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Mental illness: a child's demons, a parent's fears and hopes
In the wake of the Cafe Racer shootings, the parent of an adult son with paranoid schizophrenia writes about the heavy burden on families of people with mental illness.
Special to The Times
FOR the past two weeks, I have been pondering Ian Stawicki's family, how some people have commented that they should have done more for him, whether they should have taken his guns away before he killed four people at Cafe Racer and one near Town Hall.
The family's burden lies heavy on me because I am the parent of a son about Ian's age, who has lived with paranoid schizophrenia the past 18 years.
For the past nine years I have been teaching a class for parents whose children have a mental illness. I tell the public that recovery is possible in even the most serious cases of mental illness.
I believe this. My son's story is a case in point: He works part time, has his own apartment, cares for two cats and most of all, loves our family and treats us well.
However, recovery does not mean that families with a mentally ill child have also recovered.
All the families I have taught — more than 200 — are deeply grief-stricken. They live with a continual, corrosive fear. They are always hyperalert. They lack support because people fear mental illness and stay away.
They are often blamed for their child's behavior and they often blame themselves because it could be their gene that brought this on their child. They feel as if they can never do enough and they often spend every dime they can find to mitigate the effects, while knowing there is no cure.
They force themselves to give up the dreams most parents have — college, job, family — and tell themselves that the small steps toward some modest level of independence are sufficient to replace those dreams. And finally, they hope and pray that their child won't commit suicide or be the one who murders five innocent people.
Through it all, those parents are putting on a brave face, giving love, learning delicate negotiation skills, working not to self-medicate with drugs or alcohol. They ignore odd habits and unwashed bodies, and try to redirect frightening and sad conversations. They try to protect siblings, and carry on, despite almost universal depression and post-traumatic stress disorder.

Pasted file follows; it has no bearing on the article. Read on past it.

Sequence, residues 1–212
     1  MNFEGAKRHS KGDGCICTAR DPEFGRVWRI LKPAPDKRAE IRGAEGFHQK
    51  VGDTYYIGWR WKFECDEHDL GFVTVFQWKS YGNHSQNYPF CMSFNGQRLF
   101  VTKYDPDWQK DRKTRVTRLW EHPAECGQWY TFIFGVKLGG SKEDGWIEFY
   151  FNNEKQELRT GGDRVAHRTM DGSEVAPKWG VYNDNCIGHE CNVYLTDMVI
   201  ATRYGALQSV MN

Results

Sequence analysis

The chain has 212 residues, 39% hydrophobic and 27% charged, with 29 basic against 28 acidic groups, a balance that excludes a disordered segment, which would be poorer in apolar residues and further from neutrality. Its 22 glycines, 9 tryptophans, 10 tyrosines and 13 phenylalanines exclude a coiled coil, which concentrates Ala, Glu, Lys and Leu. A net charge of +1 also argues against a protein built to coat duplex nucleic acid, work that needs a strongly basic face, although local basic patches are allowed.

I deal with depression and anxiety. I will never be able to retire. But my son smiles now and is proud of the life he has made despite his illness. It takes incredible bravery to build a life of worth when you can't rely on your brain to give you factual information about your world. I am enormously proud of both him and his sister, who remains his most faithful champion.
If you want to assign blame, lay it at the doorstep of all of us who refuse to care for those among us who truly cannot care for themselves, all of us who have not urged our legislators to fund critical programs that help our children get treatment, housing and employment.
Here are a few things we can get to work on right away:
• Fund hospital stays long enough and early enough in the course of the illness so our children can learn the skills to deal with their illness.
• Hold the State Health Care Authority accountable for creating barriers that force doctors to choose the cheapest — instead of the best — medication for our children. Their latest, hastily cobbled together plan is the most restrictive in the nation.
• Help us change the involuntary-treatment laws that say that our child can't receive hospital care unless he or she will almost certainly die or seriously harm others within the next few hours. Instead, allow hospitalization when there is a "substantial" risk, not just an "imminent" risk.
We all have a part to play to prevent such tragedies in the future. We all have some responsibility, not just Stawicki's family and not just mine. We parents desperately need your help.Farrell Adrian is president of the Washington State Chapter of the National Alliance on Mental Illness.